Jim: So the kids by nature, your kids coming in feel like guests-

Gil: Yeah. Oh, yeah.

Jim: … for a period of time.

Gil: Oh, yeah.

Brenda: That’s why ideally, if you can arrange it to- to start fresh and buy a new home, new… You know, you can’t always do that-

Gil: Yeah, it’s not always practical.

Brenda: … financially. So we were able to make sure that each kid that was with us had their own room.

Gil: As best as we could.

Brenda: It’s really important.

Gil: Best as we could.

Brenda: If you can do that. Now, it’s not always feasible. But even if the kids have to share rooms, that they have their own special place within that room that is theirs, and it’s there, you know, it’s protected.

Gil: One of the things that we did do early on and continued to really strive for was to build safety for the kids. And so in essence, what we really pointed out one Saturday morning, Brenda was gone. And I was like, “Okay, I’m gonna go into this with these teenagers. And then when I got into it, I was looking at these kids like, “Oh, boy, what have I gotten myself into?”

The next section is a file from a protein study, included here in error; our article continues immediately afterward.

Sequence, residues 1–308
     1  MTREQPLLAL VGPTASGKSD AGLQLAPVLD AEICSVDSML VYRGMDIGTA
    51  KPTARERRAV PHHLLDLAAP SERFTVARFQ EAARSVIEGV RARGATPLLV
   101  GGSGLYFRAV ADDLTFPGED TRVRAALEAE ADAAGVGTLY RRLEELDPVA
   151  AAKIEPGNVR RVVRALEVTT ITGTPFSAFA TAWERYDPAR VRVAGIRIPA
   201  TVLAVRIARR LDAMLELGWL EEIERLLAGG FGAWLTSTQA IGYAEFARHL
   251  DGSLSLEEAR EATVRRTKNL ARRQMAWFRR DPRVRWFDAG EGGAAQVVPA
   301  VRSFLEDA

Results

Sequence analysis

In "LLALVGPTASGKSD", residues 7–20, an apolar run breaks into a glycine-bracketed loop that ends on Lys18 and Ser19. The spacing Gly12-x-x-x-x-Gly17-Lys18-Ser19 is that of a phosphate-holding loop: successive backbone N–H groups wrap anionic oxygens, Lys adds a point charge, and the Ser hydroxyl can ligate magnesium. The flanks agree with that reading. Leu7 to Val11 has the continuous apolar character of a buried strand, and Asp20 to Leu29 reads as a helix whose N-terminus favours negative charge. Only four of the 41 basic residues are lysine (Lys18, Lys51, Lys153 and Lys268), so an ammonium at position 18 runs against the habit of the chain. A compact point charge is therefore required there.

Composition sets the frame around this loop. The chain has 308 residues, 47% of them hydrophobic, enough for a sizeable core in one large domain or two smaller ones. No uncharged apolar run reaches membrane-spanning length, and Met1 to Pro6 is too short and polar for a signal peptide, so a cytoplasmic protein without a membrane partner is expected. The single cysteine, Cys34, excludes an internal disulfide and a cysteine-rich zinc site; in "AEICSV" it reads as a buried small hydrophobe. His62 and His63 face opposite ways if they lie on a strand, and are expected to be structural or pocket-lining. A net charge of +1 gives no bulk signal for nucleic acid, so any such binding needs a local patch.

Brenda: (laughs)

Gil: But literally, I said, and I identified who the players were, I mean, this is obvious to my stepsons. “I’m not your father but I am your mother’s husband.” And to my children. I said, “No, Brenda is not your mom, but she is my wife. And when you come to this home and you walk through that door, this is to be a safe zone.” And that got tested.

Jim: Oh, I’m sure. All the time.

Gil: All the time.

Jim: Yeah.

Gil: And so here we are now, 13 and a half years later, and now the oldest is 36. The youngest is almost 26. And they… When they’re all together, they’re respectful of one another. You can still see the family units-

Jim: Right.

Gil: … it’s still there. But when they’re together, there is truly a respect and a love for one another, and a respect and love for us as their parents and/or stepparent. That is the point of rebuilding legacy because nobody wants a divorce. But if you go through it, then what?

Jim: Yeah.

Gil: You have to get back to being busy about rebuilding what God has given you to bu- rebuild with the family. And your material, unfortunately, that’s kind of the- the angst of the building of the book was, what we’re being handed to rebuild our family with is broken, and charred, and busted, and cracked. But God can use that too. He can redeem anything if you let Him.